It was the spring of 1974 when I read the article by Group 1984 for the first time. I was on the Tokaido Shinkansen (bullet train), on my way back to Tokyo from Kansai. The article was titled “Criticism of the Japanese Communist Party’s Platform for the United Democratic Government,” and had been handed to me by Mr. Yamazaki Masakazu, Professor Emeritus at Osaka University. He said that I would find it interesting.
I looked to see who the author was. It was co-written by Group 1984. I immediately understood that the group was named after the novel Nineteen Eighty-Four written by George Orwell. This novel is about a dystopian, highly controlled society set in the near future. At the time of its publication, it was also seen as a criticism of socialism as well as of a technostress society. I thought that the name of the authors was quite witty, and I remember now that as I read the article, I found it very interesting and actually quite thrilling.
At the time, I was the editor-in-chief of Bungei shunju. Previously, I had been the editor-in-chief of Shokun! and I used to ask Mr. Yamazaki to write for the magazine. However, back when I read the article, I did not have a clear idea about the relationship between Mr. Yamazaki and Group 1984.
Bungei shunju published this article in its June 1974 issue. The preface from the editorial office introduces Group 1984 as an academic group comprising more than twenty specialists in each field.
The Platform for the United Democratic Government, the target of this article, was the manifesto of the Japanese Communist Party in today’s terms. The JCP was then pursuing its own policies that were unique from other opposition parties. However, aiming at developing a united government through cooperation with other opposition parties, the JCP proposed the platform in 1973.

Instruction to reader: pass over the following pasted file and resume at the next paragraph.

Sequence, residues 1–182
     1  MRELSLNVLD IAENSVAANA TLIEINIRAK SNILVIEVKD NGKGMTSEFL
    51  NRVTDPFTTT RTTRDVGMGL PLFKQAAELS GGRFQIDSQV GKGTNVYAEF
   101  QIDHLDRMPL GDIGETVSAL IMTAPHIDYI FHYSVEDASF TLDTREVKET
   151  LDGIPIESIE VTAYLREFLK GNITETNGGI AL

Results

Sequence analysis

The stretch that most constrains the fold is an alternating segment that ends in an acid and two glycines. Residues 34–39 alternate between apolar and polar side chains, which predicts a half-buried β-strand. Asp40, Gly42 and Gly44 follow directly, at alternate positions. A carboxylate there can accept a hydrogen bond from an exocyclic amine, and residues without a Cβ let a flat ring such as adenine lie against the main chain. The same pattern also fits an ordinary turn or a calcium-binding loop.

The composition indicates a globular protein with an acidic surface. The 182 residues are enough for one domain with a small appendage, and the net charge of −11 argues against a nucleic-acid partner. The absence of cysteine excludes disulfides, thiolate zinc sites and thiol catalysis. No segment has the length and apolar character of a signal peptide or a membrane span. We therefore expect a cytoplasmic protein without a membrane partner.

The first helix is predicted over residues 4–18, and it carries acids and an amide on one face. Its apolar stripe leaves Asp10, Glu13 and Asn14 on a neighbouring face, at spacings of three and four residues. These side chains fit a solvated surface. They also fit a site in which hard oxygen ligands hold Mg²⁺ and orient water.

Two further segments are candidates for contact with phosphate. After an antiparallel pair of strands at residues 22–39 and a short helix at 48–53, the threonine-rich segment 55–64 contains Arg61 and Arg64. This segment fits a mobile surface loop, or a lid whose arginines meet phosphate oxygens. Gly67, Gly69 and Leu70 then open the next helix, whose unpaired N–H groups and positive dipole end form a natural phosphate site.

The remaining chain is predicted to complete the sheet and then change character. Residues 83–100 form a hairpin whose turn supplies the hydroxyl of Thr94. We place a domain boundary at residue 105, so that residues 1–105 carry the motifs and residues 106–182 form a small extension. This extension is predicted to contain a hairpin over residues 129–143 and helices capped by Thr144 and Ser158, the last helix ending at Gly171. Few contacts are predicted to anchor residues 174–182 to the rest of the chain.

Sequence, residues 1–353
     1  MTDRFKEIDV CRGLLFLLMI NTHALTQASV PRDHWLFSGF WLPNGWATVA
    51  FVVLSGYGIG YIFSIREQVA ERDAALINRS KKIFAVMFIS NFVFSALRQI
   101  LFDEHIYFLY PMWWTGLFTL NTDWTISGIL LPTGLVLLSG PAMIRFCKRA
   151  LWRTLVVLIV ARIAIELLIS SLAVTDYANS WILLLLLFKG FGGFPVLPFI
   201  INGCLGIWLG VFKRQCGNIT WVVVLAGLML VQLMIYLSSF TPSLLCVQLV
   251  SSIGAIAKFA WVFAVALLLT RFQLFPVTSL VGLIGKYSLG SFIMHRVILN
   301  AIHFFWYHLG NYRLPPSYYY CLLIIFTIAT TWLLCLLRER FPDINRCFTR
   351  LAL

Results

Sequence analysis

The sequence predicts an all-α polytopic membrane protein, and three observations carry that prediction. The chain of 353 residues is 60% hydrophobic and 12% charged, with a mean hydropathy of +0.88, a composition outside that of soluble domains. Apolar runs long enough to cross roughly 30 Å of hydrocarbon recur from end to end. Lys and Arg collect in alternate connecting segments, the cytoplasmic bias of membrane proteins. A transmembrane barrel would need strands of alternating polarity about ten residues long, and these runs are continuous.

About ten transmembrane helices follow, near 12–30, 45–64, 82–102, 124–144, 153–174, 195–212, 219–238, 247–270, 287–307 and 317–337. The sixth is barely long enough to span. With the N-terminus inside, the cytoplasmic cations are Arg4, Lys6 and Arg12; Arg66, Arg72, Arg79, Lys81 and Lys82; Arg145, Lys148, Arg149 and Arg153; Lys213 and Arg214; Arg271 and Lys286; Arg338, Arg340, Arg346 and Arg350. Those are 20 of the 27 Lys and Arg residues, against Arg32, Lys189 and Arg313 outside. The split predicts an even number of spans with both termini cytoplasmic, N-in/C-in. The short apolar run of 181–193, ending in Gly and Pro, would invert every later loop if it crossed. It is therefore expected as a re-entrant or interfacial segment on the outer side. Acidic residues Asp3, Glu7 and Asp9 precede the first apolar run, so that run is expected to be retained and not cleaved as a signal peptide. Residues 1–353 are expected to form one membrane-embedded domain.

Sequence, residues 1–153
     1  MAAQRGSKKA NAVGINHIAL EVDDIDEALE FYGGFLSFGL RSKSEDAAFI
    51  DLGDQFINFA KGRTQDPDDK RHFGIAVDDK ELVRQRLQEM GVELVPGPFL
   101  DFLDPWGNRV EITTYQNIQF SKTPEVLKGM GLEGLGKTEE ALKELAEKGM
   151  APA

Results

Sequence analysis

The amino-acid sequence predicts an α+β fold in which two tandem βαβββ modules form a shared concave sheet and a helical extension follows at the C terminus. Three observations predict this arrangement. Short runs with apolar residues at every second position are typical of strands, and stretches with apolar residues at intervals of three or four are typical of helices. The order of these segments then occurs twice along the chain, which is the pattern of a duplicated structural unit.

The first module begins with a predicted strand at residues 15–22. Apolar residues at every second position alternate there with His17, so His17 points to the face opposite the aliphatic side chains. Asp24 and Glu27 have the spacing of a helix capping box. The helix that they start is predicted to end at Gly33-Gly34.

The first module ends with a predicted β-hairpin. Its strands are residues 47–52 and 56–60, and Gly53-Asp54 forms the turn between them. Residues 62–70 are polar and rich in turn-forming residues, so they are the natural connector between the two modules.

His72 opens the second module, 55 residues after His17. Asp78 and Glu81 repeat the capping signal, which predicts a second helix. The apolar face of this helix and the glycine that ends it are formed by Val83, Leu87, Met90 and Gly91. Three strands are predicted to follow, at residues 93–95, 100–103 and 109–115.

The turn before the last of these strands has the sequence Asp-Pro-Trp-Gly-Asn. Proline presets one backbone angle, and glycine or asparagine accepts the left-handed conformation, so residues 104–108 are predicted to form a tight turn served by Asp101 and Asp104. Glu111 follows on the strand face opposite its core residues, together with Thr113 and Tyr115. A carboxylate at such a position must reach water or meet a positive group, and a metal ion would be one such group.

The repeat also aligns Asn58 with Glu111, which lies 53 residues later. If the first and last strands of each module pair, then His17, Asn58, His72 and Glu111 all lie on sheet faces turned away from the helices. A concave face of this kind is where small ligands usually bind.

Amid a virtually even split between the ruling and opposition parties in the Upper House, the media were breathlessly reporting the possibility of a leftist government. It may be hard for today’s young generation to imagine, but if the Japan Socialist Party (now the Social Democratic Party) and the JCP had united, they would have had a chance of forming a government. Having said that, what these parties were demanding was not to make Japan a socialist nation, but to improve welfare, support the weak, and stop the autocratic manner of large-scale companies. The strong presence of these parties was not only limited to central government, but was also felt in local governments. Major local government bodies were headed by reform-minded governors, including Tokyo’s Minobe Ryokichi, Kyoto’s Ninagawa Torazo, and Osaka’s Kuroda Ryoichi.
Minobe attracted support from the public using the slogan “Minobe can control prices.” He regularly appeared in the press and on television. This was a time when Japan went wild about him, putting aside any cool-headed judgment on whether or not the head of a local government alone would be able to contain a hike in prices.
What was happening at that time was, in today’s terms, somewhat akin to widespread enthusiasm about a change in government and simultaneous excitement about local political parties, such as Osaka Ishin no Kai (Osaka restoration group) in Osaka and Genzei Nippon (Tax Cut Japan). Views both in the media and among the pundits were also dominated by hope for reformist parties forming a government. The prevailing atmosphere was that anybody questioning the change, he would have been criticized from every angle.